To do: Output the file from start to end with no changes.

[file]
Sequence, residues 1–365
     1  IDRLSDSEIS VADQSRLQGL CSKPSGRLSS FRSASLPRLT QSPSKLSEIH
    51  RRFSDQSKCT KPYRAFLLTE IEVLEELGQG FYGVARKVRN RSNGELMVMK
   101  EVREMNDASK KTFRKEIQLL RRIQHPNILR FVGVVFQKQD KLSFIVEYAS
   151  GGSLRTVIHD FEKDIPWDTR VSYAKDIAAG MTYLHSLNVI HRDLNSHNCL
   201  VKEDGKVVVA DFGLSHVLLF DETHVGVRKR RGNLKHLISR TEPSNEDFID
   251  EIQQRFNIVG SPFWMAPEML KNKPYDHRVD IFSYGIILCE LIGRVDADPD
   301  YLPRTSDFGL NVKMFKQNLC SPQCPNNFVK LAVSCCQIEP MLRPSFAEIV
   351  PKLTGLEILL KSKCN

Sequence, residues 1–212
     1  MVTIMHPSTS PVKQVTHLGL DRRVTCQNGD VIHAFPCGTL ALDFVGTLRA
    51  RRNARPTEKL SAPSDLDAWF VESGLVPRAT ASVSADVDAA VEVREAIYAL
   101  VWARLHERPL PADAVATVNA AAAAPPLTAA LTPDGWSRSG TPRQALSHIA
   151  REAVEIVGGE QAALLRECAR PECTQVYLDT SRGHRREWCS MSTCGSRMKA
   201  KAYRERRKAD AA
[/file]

Sequence, residues 1–365
     1  IDRLSDSEIS VADQSRLQGL CSKPSGRLSS FRSASLPRLT QSPSKLSEIH
    51  RRFSDQSKCT KPYRAFLLTE IEVLEELGQG FYGVARKVRN RSNGELMVMK
   101  EVREMNDASK KTFRKEIQLL RRIQHPNILR FVGVVFQKQD KLSFIVEYAS
   151  GGSLRTVIHD FEKDIPWDTR VSYAKDIAAG MTYLHSLNVI HRDLNSHNCL
   201  VKEDGKVVVA DFGLSHVLLF DETHVGVRKR RGNLKHLISR TEPSNEDFID
   251  EIQQRFNIVG SPFWMAPEML KNKPYDHRVD IFSYGIILCE LIGRVDADPD
   301  YLPRTSDFGL NVKMFKQNLC SPQCPNNFVK LAVSCCQIEP MLRPSFAEIV
   351  PKLTGLEILL KSKCN

Sequence, residues 1–212
     1  MVTIMHPSTS PVKQVTHLGL DRRVTCQNGD VIHAFPCGTL ALDFVGTLRA
    51  RRNARPTEKL SAPSDLDAWF VESGLVPRAT ASVSADVDAA VEVREAIYAL
   101  VWARLHERPL PADAVATVNA AAAAPPLTAA LTPDGWSRSG TPRQALSHIA
   151  REAVEIVGGE QAALLRECAR PECTQVYLDT SRGHRREWCS MSTCGSRMKA
   201  KAYRERRKAD AA